At this point I should probably mention that the Huracán is a beauty to behold. You’ll no doubt notice it looks good in pictures. In the flesh it’s even more awesome and in LP580-2 form, it’s prettier still. The new front and rear bumpers were designed to increase cooling and downforce but they also make the car more aggressive (which is no bad thing for a Lamborghini, where drama is par for the course). And if you open the (regularly hinged) doors and take a look at the interior, you’ll see why being a subsidiary of the Volkswagen Group has been such a blessing for this small Italian outfit. The fit and finish is superb, everything is covered in fine luxe materials and, at least to me, the standout features are the supportive and beautifully contoured seats as well as the two impressively high def TFT screens (in the instrument panel and over the centre console).
Slip into the driver’s seat and you’ll want to bring this beast to life. You do so by holding down the brake pedal while pressing the starter button that’s concealed under a red safety cover, reminiscent of a fighter plane’s missile launcher. Now before you get going, you should familiarise yourself with the red toggle at the bottom of the steering wheel and its three distinct settings. ‘Strada’ is like a stealth mode and suitable for low-key daily commuting, ‘Sport’ rewards you with a more emotive experience but as for ‘Corsa’, that’s where you venture when you want to grin from ear to ear.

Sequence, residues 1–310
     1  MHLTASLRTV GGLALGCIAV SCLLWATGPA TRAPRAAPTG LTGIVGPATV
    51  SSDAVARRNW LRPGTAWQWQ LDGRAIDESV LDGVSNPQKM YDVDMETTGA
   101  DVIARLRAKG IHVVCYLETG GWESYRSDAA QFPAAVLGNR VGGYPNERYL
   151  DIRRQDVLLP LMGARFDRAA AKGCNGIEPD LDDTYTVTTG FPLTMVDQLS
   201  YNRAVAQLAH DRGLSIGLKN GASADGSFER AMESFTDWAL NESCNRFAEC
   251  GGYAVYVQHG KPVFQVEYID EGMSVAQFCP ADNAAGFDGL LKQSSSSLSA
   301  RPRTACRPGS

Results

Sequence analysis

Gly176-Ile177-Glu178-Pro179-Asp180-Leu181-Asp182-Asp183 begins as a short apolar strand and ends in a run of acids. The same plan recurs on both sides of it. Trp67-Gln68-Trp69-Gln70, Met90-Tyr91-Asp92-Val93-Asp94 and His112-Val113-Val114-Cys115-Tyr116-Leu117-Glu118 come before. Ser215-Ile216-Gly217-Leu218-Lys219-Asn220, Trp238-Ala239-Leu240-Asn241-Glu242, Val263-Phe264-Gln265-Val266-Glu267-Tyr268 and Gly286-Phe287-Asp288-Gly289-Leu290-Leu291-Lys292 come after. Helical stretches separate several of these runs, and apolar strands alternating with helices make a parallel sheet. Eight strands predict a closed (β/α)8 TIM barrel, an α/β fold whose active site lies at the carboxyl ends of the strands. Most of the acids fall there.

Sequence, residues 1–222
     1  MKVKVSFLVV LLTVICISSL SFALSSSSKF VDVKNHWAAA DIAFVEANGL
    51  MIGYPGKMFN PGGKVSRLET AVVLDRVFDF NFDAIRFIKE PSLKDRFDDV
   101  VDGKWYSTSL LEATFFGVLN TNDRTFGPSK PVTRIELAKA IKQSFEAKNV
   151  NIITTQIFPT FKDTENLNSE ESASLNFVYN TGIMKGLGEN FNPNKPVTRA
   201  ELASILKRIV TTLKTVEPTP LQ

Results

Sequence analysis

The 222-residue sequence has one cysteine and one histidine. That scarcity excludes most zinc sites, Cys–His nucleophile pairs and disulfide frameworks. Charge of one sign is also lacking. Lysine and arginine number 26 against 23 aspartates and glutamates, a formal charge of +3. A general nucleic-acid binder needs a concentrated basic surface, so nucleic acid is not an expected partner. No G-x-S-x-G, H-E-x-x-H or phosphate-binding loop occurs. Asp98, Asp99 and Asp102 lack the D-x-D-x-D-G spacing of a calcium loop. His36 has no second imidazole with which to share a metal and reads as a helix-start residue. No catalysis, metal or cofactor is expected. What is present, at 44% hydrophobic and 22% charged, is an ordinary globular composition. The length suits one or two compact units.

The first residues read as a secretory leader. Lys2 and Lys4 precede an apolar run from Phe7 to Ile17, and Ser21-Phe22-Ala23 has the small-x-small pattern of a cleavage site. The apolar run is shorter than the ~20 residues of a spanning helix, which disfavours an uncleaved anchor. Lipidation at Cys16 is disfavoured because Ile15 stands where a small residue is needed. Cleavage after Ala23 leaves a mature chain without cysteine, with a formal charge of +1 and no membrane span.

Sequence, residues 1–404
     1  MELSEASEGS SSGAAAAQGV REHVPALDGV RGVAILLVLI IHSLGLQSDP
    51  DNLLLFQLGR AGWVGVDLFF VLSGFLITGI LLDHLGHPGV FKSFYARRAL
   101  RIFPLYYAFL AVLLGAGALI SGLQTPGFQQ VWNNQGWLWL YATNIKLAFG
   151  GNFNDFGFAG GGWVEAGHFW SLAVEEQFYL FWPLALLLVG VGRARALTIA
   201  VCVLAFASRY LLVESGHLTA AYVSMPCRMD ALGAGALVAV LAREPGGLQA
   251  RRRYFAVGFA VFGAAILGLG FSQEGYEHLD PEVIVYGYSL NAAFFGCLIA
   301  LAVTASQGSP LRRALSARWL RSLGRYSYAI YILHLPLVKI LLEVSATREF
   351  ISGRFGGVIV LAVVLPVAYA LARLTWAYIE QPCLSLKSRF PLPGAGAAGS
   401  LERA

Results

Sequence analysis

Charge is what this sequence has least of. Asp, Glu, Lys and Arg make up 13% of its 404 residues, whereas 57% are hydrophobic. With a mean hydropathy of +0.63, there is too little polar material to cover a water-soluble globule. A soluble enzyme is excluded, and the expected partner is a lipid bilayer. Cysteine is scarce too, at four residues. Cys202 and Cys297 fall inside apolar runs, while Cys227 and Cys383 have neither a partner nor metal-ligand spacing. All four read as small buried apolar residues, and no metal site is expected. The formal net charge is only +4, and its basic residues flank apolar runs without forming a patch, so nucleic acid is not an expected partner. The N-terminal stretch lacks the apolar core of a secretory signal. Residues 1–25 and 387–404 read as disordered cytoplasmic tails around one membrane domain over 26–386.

Having completed 16 laps at Losail, I must say that not once did I ever feel as though this car would rip my head off (and that’s despite the fact that I was really hammering it and unleashing as many of those 580 horses as I could through the twisty bits). Sure, I was slipping and sliding across the asphalt but ever so happily, and I never felt scared or out of control. It’s for this reason that I would say the LP 580-2 will open Lamborghini to a Porsche-type of customer. That’s no small feat. And as sexy and capable as the LP 580-2 is, this Lamborghini is also the most affordable in the current line-up. I mean, if that’s not the automotive equivalent of a Best Buy, what is?
Model Lamborghini Huracán LP 580-2
Engine 5.2-litre V10
Power 580 bhp
Torque 540 Nm
Gearbox 7 speed dual-clutch
Top Speed 320 km/h
0-100 km/h 3.4 seconds
0-200 km/h 10.1 seconds
Price 205,000 USD